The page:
Biological cues may shed light on how people are rating social judgements at above-chance accuracy from neutral-expression facial images alone. For instance, research suggests the shape of a face is related to the current [32–34] and prenatal  levels of testosterone. Research has also suggested that facial adiposity is closely associated with circulating testosterone  and that facial adiposity has been shown to be related to perceived health and attractiveness, as well as measures of actual cardiovascular health and proneness to respiratory illness . Further, facial symmetry, and sex typicality in face shape has been shown to be related to disease resistance . Similarly, an average face shape may signal health, as abnormalities that make a face look slightly different from the average may be caused by genetic or environmental stress . Carotenoid coloration in the face has also been found to signify quality of current diet . The face can also provide clues to recent sleep history, with those who are sleep deprived having less eyelid-openness and more downward mouth curvature than those that are well rested .
Health, Attractiveness and Over-generalization
Clearly, the face provides a variety of cues to hormones, health, and sleep status. One thing all of these cues have in common is their relationship to attractiveness. Namely, research investigating attractiveness and the ‘good genes’ theory has argued that facial symmetry , averageness , sexual typicality , eyelid-openness and mouth-curvature , carotenoid coloration in the face , and adiposity  may be attractive because of their relationship to health [45–47].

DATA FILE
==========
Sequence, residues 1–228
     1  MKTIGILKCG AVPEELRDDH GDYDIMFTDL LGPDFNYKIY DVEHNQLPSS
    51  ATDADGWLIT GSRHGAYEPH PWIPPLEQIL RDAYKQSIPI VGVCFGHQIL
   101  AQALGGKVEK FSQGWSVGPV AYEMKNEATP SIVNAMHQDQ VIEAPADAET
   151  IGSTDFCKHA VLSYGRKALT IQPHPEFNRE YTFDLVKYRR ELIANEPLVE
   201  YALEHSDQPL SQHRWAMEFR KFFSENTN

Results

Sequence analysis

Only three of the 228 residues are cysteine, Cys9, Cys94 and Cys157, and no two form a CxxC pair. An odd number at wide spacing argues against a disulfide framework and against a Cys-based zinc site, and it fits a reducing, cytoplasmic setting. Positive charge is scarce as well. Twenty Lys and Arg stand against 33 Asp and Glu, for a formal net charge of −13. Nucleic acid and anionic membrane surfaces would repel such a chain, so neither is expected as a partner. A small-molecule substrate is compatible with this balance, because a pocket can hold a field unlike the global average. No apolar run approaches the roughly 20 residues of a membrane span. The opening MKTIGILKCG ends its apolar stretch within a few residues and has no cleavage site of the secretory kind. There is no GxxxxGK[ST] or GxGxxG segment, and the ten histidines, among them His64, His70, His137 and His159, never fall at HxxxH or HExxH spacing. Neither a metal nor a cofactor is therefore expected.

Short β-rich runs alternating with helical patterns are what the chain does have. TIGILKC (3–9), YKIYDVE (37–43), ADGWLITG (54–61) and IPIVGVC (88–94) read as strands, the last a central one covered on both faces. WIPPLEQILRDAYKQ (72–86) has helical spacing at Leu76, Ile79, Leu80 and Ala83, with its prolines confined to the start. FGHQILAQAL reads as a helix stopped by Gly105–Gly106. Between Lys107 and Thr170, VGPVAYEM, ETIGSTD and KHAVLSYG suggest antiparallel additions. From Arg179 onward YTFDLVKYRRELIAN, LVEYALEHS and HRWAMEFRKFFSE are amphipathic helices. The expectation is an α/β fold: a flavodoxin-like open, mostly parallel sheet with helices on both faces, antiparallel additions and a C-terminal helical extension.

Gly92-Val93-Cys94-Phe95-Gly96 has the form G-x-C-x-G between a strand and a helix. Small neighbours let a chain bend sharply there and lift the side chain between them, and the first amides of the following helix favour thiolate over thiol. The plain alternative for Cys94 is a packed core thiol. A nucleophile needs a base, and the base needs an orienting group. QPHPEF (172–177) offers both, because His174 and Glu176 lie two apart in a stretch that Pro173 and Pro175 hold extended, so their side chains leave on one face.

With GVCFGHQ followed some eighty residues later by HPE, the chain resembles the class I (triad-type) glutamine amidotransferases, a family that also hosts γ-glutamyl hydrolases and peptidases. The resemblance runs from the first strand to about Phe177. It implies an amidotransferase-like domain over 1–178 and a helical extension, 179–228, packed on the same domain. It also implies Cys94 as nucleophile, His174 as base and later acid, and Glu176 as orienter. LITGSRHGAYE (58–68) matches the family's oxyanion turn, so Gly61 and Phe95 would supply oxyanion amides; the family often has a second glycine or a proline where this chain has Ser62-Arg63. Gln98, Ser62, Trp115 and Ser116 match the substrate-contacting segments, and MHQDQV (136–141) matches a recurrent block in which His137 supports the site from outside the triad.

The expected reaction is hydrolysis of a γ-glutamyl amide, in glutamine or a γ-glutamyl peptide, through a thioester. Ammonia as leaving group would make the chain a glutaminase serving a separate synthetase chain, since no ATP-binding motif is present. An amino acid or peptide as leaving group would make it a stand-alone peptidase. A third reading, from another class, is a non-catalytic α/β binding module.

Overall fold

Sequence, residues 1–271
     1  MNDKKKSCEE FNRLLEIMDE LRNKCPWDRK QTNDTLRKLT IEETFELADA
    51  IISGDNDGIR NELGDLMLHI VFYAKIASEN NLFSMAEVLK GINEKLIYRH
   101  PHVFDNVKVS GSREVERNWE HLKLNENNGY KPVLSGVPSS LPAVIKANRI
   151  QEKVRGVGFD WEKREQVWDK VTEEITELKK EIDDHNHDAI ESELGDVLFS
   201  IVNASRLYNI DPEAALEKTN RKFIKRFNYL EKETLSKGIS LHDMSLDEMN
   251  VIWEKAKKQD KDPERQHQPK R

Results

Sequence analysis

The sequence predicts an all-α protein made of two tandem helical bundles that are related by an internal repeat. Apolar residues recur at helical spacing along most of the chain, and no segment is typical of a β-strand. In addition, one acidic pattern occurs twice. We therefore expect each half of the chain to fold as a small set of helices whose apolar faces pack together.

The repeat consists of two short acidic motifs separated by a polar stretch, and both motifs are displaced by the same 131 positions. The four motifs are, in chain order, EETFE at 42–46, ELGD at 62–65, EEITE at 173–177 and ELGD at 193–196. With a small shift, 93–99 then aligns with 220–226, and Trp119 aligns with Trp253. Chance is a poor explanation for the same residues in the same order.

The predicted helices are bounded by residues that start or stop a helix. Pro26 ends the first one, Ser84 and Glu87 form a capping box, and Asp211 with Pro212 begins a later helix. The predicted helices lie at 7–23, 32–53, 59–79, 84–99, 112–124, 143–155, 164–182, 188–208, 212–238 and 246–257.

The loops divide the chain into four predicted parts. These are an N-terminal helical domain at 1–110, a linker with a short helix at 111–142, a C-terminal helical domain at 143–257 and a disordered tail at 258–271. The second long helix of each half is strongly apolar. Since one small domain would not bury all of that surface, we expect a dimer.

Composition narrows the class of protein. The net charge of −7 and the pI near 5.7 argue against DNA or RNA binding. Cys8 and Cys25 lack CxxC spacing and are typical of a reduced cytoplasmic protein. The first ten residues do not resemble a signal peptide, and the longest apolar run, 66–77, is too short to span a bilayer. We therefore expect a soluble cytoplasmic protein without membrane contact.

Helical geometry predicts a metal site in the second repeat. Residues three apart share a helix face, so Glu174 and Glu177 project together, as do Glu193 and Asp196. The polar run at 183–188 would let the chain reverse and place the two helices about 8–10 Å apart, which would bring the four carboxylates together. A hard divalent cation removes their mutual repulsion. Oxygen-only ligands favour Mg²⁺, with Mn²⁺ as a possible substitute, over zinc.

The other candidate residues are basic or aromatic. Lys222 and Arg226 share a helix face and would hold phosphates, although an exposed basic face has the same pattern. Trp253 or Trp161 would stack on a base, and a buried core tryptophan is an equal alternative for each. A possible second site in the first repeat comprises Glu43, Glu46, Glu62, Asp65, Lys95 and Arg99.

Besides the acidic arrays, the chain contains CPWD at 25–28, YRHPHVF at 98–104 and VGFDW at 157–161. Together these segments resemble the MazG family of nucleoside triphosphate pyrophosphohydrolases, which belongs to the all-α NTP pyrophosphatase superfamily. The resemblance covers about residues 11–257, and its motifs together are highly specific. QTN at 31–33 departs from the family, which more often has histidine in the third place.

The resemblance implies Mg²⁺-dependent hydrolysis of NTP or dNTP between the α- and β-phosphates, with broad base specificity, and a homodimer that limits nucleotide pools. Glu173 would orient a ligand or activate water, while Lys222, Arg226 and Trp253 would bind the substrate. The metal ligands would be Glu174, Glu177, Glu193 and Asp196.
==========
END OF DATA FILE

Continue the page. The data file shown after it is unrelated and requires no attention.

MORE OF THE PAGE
The link between potential cues to health in the face and perceived attractiveness is one explanation for the ‘attractiveness halo effect’. Research suggests this preference for attractive (or healthy looking) individuals appears early in infancy, with infants as young as two-months old gazing longer at attractive faces over unattractive or unusual looking faces [48,49]. It is unknown whether or not such preferential looking reflects early learning [50–52]. Further, Langlois, Roggman, and Reiser-Danner  found that twelve-month-old infants would play longer, have more involvement, experience less distress and withdrawal, and seem to exhibit more pleasure when interacting with attractive people as compared to unattractive people. Also noteworthy is the degree of agreement regarding facial attractiveness. Specifically, studies have shown consistency between men and women regarding opinions of facial attractiveness . Surprisingly, agreement on facial attractiveness is apparent even across different countries [1,54].
In an attempt to investigate whether facial attractiveness provides evidence of actual health, which may partially explain this positive bias towards attractive people, Kalick, Zebrowitz, Langlois and Johnson  found that evaluators’ perceptions of attractiveness are actually poor predictors of current or future actual health. While attractive faces were mistakenly rated as healthier than their peers, the correlation between perceived health and actual health increased when attractiveness was statically controlled, implying that attractiveness suppresses the accurate recognition of health.